The biggest public survey investigating interest in disability history launches during Disability History Month
Screen South’s Accentuate Programme, is currently undertaking the biggest public survey ever seen to understand the level of interest there is in the relatively hidden history of Deaf and Disabled people. This survey coincides with the UK’s Disability History Month and will help to inform the planning for a major new social history programme, Accentuate History of Place.
This project will chart the lives of deaf and disabled people from the Medieval Period to the present day in relation to the built environment. Throughout Disability History Month (22nd November – 22nd December) Accentuate is gathering views on the interest in and perceptions of deaf or disability history.
Esther Fox, Accentuate Programme Executive says “This survey is important as it is the first time there has been an investigation of the wider Public’s interest in deaf and disability history. We need your feedback and suggestions to ensure we are planning a national project which is relevant and exciting, particularly for people who may not know anything about the history of deaf and disabled people.”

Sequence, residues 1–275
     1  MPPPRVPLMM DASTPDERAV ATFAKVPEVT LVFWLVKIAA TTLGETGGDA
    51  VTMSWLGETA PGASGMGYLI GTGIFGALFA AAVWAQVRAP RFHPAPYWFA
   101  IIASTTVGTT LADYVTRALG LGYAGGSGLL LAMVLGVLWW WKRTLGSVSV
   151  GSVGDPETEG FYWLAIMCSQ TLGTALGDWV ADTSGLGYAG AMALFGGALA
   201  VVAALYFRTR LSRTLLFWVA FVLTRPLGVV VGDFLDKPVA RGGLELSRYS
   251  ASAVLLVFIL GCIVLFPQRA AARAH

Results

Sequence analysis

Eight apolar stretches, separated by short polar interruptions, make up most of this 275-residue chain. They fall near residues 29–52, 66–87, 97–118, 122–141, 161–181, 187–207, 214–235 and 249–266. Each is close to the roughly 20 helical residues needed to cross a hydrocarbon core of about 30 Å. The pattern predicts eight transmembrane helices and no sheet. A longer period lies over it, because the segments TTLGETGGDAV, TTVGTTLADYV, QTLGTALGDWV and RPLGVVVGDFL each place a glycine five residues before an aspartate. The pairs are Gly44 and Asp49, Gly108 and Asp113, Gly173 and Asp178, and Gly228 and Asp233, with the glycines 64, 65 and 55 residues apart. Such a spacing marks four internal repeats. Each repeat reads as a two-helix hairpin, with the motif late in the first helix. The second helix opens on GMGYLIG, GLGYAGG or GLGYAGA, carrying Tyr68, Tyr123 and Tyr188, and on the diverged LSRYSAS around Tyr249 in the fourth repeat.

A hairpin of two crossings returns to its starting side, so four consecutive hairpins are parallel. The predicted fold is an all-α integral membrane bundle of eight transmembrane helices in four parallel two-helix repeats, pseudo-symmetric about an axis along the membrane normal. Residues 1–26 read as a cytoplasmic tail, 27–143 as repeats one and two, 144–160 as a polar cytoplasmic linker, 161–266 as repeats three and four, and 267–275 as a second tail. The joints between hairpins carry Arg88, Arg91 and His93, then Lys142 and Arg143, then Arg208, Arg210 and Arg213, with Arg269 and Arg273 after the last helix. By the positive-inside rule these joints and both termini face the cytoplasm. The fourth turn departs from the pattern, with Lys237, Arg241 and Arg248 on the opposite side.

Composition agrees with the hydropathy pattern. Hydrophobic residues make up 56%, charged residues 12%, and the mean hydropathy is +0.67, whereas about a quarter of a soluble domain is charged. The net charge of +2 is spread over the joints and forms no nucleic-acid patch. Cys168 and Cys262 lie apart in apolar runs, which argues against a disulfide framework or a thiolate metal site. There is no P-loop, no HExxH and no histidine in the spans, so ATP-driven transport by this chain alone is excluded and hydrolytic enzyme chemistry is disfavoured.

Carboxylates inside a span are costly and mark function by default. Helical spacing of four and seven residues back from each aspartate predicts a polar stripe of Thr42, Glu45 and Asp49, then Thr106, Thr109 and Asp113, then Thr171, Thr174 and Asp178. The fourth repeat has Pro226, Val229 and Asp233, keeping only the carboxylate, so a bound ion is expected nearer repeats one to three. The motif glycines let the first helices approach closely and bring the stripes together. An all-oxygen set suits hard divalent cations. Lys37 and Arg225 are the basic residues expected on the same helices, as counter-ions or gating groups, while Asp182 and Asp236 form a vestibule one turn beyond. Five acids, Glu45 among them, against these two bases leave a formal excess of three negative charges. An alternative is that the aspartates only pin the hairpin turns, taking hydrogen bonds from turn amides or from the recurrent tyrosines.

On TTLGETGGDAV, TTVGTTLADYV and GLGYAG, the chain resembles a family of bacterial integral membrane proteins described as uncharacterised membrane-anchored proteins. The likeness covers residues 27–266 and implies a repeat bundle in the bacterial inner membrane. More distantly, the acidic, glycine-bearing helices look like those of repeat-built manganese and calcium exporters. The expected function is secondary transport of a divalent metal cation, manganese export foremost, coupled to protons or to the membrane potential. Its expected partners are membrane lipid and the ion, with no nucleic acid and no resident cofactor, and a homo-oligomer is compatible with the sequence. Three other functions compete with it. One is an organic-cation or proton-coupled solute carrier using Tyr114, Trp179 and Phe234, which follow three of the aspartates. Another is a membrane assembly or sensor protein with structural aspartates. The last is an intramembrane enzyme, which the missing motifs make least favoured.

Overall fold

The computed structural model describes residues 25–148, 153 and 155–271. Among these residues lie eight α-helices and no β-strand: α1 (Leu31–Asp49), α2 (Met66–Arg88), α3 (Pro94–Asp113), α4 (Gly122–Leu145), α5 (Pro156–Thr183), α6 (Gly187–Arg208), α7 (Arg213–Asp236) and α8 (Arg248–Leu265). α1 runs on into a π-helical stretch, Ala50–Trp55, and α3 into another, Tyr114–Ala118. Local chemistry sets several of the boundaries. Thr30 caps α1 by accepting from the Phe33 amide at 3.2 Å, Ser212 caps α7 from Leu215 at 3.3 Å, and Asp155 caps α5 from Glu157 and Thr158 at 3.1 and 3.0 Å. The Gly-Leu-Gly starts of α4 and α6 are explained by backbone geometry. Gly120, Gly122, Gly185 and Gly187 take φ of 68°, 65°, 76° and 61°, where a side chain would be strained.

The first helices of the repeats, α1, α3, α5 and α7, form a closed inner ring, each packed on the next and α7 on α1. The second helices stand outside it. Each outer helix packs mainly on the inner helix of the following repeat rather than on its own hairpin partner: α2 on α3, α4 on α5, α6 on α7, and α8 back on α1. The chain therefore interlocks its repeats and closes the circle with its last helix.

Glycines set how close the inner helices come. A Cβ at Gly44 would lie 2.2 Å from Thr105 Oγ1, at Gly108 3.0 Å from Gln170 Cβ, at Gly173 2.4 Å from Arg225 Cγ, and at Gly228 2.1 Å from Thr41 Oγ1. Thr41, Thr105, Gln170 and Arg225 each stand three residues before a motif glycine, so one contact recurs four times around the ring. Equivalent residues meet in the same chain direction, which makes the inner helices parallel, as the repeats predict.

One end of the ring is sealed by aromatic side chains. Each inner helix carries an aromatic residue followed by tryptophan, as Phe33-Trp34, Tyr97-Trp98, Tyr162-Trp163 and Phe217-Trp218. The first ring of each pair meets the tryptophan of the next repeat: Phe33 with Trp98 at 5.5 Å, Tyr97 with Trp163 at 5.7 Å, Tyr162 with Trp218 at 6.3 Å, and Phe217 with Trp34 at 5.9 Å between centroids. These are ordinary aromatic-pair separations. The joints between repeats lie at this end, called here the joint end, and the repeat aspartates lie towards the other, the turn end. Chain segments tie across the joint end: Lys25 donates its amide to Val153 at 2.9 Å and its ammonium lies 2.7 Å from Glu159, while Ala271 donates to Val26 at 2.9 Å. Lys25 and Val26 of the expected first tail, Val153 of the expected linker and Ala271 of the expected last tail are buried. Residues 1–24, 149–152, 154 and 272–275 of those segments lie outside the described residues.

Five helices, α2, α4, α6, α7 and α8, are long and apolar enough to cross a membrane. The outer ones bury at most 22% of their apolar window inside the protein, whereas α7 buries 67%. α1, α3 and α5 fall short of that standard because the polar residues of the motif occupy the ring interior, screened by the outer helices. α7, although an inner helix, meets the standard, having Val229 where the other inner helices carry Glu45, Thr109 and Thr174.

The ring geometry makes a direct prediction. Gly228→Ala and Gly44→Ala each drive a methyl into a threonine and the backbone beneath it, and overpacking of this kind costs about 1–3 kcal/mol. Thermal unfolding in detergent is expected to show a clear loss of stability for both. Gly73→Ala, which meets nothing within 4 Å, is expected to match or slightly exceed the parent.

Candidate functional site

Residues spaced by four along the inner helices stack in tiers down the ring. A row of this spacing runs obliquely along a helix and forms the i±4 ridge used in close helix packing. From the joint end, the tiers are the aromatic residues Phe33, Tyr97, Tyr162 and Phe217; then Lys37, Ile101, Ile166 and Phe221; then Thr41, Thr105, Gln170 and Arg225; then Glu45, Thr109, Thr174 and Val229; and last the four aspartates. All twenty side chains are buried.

Esther Gill, Accentuate History of Place Interim Programme Manager says “We will be encouraging a widespread twitter campaign using the hashtag #UKDHM and want as many people as possible to respond. Our target is 500 people but we’re hoping to smash that. Please make a difference and take five minutes to complete the survey”.
The Accentuate History of Place project has been made possible by achieving development funding of £77, 600 awarded by Heritage Lottery Fund.
During the development period Accentuate is consulting widely and this survey forms an important part of this consultation.
Once the project has been further developed Accentuate will be submitting a second-round application to secure the full grant amount of £875,900.
Thursday 07 July 2016 is THE BIG HEALTH DAY from 10am to 3pm.
Disability Essex provided advice, support and a place to socialise for disabled people, their families and carers since 1949 but has closed due to financial difficulties.
Dust off your blue suede shoes, brylcreem your quiff and get ready to Party with Elvis on 07 May!